84. A strategy for Canada's Digital economy requires primary, secondary and post secondary education institutions to encourage the development of a culture of awareness of the value ICT can bring to business so that a new way of thinking transcends to the business place as graduates bring their knowledge and skills to their place of employment. In addition schools should encourage greater use of ICT applications and devices in everyday learning in schools. Governments and the private sector should coordinate efforts to ensure that students have an opportunity to learn the skills, understand the opportunities and have an opportunity to get further education in ICT. More Opportunities for continuing education should be made available for businesses and individuals by providing access to on line training programs (video steaming and interactive applications) and various incentives to support educational leave for employees and support for continuing education for workers who seek training in ICT.

X. Addressing the ICT Skills Shortage in the Far North

85. Government must take a lead role in addressing the workforce ICT skills shortage in the North. The North has always had to overcome the issue of training, attracting and keeping skilled workers, largely due to the isolated and harsh environment. In addition, high turnover among workers in the North has always been an issue employers have had to deal with and none more important than trying to keep skilled ICT workers who are in demand across the country and internationally.3 As one of the largest northern employers of ICT skilled labour, Northwestel has found it difficult to attract and retain labour with those skills to the North.

86. One way to address this issue is to ensure that residents of the North who are more likely to remain in the territories have the opportunity to receive ICT training. Local and federal governments must coordinate efforts with post secondary institutions in the territories to train local residents in ICT skills.

87. The private sector that use ICT skilled labour can also play a role in assisting local ICT education by supporting local programs as well as hiring graduates from local programs. For example, Northwestel has had success meeting its quality of service standards by using a community technician program, a program that recruits local residents in remote communities and provides them with training to be a telecommunications technician. Government should coordinate support among the private sector for local training programs which might also include encouraging local businesses to provide grants and bursaries for northern residents to receive ICT training.

88. In addition the government could provide tax incentives for workers who reside in the North and have ICT skills. For example the Northern residents' deduction could be expended to include additional deductions for labour working in recognized ICT jobs or increase the moving allowance for those moving to the North.

89. A strategy for Canada's digital economy should recognize the challenges faced in the Far North to attract ICT skilled labour and coordinate efforts with various governments, local business and schools to train local residents with ICT skills, provide tax incentive to attract ICT workers, and encourage businesses to be actively involved in communities to promote ICT as a career interest.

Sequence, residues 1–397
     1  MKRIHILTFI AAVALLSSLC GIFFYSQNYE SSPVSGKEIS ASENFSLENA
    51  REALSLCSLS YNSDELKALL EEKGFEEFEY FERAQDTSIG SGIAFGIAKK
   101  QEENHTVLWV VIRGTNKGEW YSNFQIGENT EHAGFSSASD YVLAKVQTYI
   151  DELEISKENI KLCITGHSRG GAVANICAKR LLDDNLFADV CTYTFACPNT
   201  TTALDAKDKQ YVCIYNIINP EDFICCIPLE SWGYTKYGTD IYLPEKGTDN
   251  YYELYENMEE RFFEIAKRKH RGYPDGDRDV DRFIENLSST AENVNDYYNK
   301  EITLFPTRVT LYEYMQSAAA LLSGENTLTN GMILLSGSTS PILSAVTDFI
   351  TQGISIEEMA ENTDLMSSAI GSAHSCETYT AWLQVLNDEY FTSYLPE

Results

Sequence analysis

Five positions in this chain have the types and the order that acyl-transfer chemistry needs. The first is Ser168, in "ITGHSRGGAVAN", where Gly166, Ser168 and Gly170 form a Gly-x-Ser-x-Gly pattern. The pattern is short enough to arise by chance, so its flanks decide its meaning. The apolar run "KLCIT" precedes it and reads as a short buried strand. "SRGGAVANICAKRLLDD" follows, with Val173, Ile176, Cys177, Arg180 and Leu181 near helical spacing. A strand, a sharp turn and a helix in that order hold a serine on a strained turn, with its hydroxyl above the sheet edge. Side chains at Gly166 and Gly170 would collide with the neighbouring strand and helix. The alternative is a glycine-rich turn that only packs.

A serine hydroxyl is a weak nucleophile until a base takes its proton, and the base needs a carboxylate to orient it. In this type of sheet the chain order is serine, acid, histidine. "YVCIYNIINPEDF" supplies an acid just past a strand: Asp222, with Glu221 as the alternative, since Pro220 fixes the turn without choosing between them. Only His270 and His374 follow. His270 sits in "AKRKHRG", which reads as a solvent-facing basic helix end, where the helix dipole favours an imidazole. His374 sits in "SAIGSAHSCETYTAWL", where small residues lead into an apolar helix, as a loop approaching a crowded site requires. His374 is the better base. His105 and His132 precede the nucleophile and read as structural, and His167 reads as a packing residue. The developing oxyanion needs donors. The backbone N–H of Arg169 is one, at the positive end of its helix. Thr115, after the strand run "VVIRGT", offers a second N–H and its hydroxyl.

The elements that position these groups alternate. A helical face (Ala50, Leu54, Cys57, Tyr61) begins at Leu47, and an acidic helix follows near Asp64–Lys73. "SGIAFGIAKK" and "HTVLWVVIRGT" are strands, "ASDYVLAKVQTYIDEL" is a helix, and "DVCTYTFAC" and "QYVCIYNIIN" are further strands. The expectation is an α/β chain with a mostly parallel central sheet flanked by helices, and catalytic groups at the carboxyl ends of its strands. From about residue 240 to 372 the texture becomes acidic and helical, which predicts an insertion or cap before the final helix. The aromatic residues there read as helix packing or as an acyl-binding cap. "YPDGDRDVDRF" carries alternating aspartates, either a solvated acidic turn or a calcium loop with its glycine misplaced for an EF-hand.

XI. Government Should Focus Attention on Supporting Demand for ICT in Households

90. Government programs should also support programs that would encourage ICT growth at home. Governments could address a root cause of lack of ICT adoption by supporting programs to increase computer penetration and internet usage in the home, for example, in Nunavut only 57% of households have a home computer in comparison to a national average of 78.4%.4

91. Government programs to expand the number of computers in northern homes would be a positive initiative towards encouraging ICT use in the North, particularly in the Eastern Arctic where the number of households with computers continues to significantly lag behind southern Canada as illustrated above.

92. Government programs that help fund the purchase of computers would likely stimulate demand and help improve access to the digital economy for northern residents. This is particularly important for northern residents due to the distance and poor accessibility to major centres from our remote communities and the needs/requirements to access advanced educational services and other social services.

93. Government should also focus its attention on educating residents to utilize applications that adopt ICT and increase efficiencies of government service delivery, for example targeting campaigns to encourage using on line government services. Once again, for the success of these campaigns to be fully realized, governments should coordinate their efforts with business to encourage customers to use on line options and bill payment methods. For example, customers choosing to receive bills and pay bills on line, as well as, receive information or change services on an account on line can lead to significant cost savings and efficiency gains as well as being friendlier on the environment.

94. A strategy for Canada's digital economy should support Government programs that would encourage ICT growth in the home. Governments could address a root cause of lack of ICT adoption by increasing computer penetration in the home. Furthermore, the government should develop national campaigns to encourage using on line government and business services.